Agenda

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# Agenda - PowerPoint PPT Presentation

Agenda. Go over homework. Go over Exploration 8.13: more practice A few more details--they are easy. Lots more practice problems. Study hard! And bring a ruler and protractor. Homework 8.2.

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Presentation Transcript
Agenda
• Go over homework.
• Go over Exploration 8.13: more practice
• A few more details--they are easy.
• Lots more practice problems.
• Study hard! And bring a ruler and protractor.
Homework 8.2
• 1c. Hexagon, 6 sides, non-convex, no congruent sides, 2 acute angles, 3 obtuse angles, 1 reflex angle, no parallel sides, no right angles…
Homework 8.2
• 4. Shape # diagonals
• Pentagon 5
• Hexagon 9
• Octagon 20
• N-gon
• each vertex (n) can connect to all but 3 vertices (itself, left, and right). So, n(n-3).
• But now diagonals have been counted twice. So n(n-3)/2
Homework 8.2
• 11. Adjacent, congruent sides. Can be true for:
• Trapezoid
• Square
• Rhombus
• Non-convex kite
• Convex kite.
Homework 8.2
• 18a
• Scalene obtuse
Homework 8.2
• 18b
• Equilateral Isosceles
Homework 8.2
• 18c.
• Parallelogram rectangle
Homework 8.2
• 18b
• rectangle rhombus
• Look at Exploration 8.13. Do 2a, 3a - f.
• Use these categories for 2a:
• At least 1 right angle
• 4 right angles
• 1 pair parallel sides
• 2 pair parallel sides
• 1 pair congruent sides
• 2 pair congruent sides
• Non-convex
Exploration 8.13
• Let’s do f together:
• In the innermost region, all shapes have 4 equal sides.
• In the middle region, all shapes have 2 pairs of equal sides. Note that if a figure has 4 equal sides, then it also has 2 pairs of equal sides. But the converse is not true.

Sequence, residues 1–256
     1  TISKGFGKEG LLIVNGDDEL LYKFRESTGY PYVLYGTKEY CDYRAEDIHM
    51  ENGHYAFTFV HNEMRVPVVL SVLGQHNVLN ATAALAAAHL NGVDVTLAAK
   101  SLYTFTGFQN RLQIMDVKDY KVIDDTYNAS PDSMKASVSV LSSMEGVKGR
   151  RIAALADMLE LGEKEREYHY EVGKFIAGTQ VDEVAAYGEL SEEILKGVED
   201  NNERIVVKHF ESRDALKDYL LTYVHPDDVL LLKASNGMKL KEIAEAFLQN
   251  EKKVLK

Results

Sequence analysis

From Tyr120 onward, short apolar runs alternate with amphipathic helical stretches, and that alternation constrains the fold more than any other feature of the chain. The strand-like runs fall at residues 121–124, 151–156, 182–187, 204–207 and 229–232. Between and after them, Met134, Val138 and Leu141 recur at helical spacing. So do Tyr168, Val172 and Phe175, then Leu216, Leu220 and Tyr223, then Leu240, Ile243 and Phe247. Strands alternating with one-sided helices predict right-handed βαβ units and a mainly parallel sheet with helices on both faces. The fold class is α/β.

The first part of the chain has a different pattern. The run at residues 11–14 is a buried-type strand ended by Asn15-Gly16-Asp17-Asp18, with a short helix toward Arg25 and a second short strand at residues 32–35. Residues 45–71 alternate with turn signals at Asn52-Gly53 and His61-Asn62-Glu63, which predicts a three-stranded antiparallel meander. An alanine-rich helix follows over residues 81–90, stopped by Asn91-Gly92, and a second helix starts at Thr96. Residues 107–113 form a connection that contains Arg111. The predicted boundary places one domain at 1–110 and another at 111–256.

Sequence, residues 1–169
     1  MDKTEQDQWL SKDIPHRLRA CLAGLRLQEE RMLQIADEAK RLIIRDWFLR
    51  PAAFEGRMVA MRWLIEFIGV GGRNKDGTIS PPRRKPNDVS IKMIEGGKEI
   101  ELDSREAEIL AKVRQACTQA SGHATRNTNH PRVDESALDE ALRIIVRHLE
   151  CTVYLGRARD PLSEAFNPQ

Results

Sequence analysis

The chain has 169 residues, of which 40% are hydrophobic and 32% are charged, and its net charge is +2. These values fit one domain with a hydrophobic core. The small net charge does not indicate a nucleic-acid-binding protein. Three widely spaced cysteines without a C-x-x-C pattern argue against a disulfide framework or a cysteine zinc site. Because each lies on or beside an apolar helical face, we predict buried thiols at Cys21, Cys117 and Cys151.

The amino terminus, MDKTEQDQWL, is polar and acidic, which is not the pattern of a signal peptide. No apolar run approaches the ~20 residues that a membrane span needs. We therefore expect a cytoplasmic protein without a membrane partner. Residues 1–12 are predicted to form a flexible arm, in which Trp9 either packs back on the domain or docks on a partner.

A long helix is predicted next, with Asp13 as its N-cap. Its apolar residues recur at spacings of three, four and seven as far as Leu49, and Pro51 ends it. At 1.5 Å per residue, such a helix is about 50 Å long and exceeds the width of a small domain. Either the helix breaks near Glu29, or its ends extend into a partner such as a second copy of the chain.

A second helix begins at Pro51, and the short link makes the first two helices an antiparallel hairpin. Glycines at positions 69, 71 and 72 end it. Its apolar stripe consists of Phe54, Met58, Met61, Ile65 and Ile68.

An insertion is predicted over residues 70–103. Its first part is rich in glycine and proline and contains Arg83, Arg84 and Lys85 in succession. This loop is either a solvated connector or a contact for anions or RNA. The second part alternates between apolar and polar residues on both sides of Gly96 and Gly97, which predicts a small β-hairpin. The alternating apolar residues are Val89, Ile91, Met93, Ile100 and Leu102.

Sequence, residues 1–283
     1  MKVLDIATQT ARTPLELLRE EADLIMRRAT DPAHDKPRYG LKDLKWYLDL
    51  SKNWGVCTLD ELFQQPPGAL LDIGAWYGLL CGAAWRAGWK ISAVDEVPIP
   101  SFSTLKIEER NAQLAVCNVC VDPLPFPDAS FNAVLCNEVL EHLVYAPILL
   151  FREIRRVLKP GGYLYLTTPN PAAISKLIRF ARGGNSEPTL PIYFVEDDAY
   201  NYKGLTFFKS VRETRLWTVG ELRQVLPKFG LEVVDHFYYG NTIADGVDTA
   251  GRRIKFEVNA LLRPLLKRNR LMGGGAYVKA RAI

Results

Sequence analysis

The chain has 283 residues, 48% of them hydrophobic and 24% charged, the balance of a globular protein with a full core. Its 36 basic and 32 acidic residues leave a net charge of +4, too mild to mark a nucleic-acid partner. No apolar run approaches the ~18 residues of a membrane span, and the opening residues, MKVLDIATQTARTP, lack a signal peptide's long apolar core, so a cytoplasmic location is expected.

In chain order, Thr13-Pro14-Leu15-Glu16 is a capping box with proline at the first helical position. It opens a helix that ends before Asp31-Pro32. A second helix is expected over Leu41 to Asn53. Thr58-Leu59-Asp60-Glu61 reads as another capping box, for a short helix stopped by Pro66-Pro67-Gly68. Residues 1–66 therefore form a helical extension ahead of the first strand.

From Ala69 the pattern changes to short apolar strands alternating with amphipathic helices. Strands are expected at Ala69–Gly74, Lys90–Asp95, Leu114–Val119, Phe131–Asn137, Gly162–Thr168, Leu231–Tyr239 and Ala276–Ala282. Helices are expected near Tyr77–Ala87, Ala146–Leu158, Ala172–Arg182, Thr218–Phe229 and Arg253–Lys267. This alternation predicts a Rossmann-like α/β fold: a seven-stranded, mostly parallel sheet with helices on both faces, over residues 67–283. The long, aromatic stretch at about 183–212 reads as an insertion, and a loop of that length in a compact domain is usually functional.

• In the outermost region, figures have a pair of equal sides. In the universe are the figures with no equal sides.
8.13 2a
• At least 1 right angle: A, E, G, J, O, P
• 4 right angles: J, O, P
• At least 1 pair // lines: E, F, J - P
• 2 pair // lines: J - P
• At least 1 pair congruent sides: not A, B, C, E
• 2 pair congruent sides: G - P
• Non-convex: I
8.13
• 3a: at least 1 obtuse angle (or no right angle, 1 obtuse and 1 acute angle), 2 pair parallel sides (or 2 pair congruent sides)
• 3b: at least 1 pair parallel sides,at least 1 pair congruent sides
• 3c:at least1 pair sides congruent, at least 1 right angle
8.13
• 3d: kite, parallelogram
• 3e:LEFT: exactly 1 pair congruent sides, RIGHT: 2 pair congruent sides, BOTTOM: at least 1 right angle
• 3f: Outer circle: 1 pair congruent sides, Middle circle: 2 pair congruent sides, Inner circle: 4 congruent sides

O

P

K, L, M, N

E, G,

Try these now
• What are the attributes?

parallelogram

1 right angle

E

G, J, O, P

D, F

Try these now
• What are the attributes?

At least 1 right angle

Trapezoid

J, O, P

E, G

Try this one
• What are the attributes?

4 right angles

At least 1 right angle

Discuss answers to Explorations 8.11 and 8.13
• 8.11
• 1a - c
• 3a: pair 1:same area,not congruent;pair 2: different area, not congruent;
• Pair 3: congruent--entire figure is rotated 180˚.
Warm Up
• Use your geoboard to make:
• 1. A hexagon with exactly 2 right angles
• 2. A hexagon with exactly 4 right angles.
• 3. A hexagon with exactly 5 right angles.
• Can you make different hexagons for each case?
Warm-up part 2
• 1. Can you make a non-convex quadrilateral?
• 2. Can you make a non-simple closed curve?
• 3. Can you make a non-convex pentagon with 3 collinear vertices?

A

F

B

G

C

D

Warm-up Part 3
• Given the diagram at the right, name at least 6 different polygons using their vertices.

E

A visual representation of why a triangle has 180˚